Luxembourg (AFP) - The eurozone's bailout fund rescued Greece's largest bank on Tuesday, launching a recapitalisation process that is a crucial part of the country's third loan programme in five years.
The European Stability Mechanism unlocked 2.72 billion euros ($2.88 billion), to shore up Piraeus Bank, Greece's biggest lender, a statement said.
"Strengthening the stability of the banking sector was a key objective of the third assistance programme for Greece," Klaus Regling, head of the ESM rescue fund said in the statement.
"Healthier banks will be able to start lending to Greek businesses again and support an economic recovery," he added.
After months of haggling, Greece in July secured an 86 billion euro ($92 billion) rescue from its eurozone partners, with the bailout of the banking sector counting for 25 billion euros of the overall package.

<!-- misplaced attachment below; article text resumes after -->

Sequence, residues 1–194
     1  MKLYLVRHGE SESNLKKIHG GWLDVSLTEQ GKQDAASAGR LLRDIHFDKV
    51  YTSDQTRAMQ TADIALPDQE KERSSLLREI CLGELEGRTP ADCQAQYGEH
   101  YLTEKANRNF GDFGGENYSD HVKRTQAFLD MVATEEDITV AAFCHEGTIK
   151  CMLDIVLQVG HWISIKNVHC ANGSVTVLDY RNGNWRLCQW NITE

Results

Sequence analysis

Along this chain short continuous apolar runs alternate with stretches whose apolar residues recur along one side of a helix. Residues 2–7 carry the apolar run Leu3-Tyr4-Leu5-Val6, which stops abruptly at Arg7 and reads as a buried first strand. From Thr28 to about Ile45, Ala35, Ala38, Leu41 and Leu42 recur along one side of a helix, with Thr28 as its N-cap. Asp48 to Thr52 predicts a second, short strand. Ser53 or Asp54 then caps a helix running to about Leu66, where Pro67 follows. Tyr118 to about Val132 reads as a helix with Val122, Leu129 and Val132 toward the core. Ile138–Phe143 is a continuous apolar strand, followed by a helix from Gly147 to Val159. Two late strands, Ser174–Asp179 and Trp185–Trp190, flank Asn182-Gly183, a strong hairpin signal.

Eurozone finance ministers approved a two-billion-euro payment to Greece and unlocked a total of 10 billion in bank recapitalisation funds last month after Athens adopted crucial reforms demanded by its creditors.
As a condition of the bailout, Greece's four biggest banks last week raised private capital to qualify for matching recap funds from the ESM.
Two of those lenders, Eurobank and Alpha Bank, raised enough private funds to forego bailout money altogether, while Piraeus Bank and National Bank of Greece still required a capital boost.
A stress test by the European Central Bank determined last month that capital needs at Piraeus were around five billion euros, of which private investors provided just two billion euros.
The ESM said it would consider paying out more bank recapitalisation funds on a case-by-case basis with a decision for the National Bank of Greece expected soon.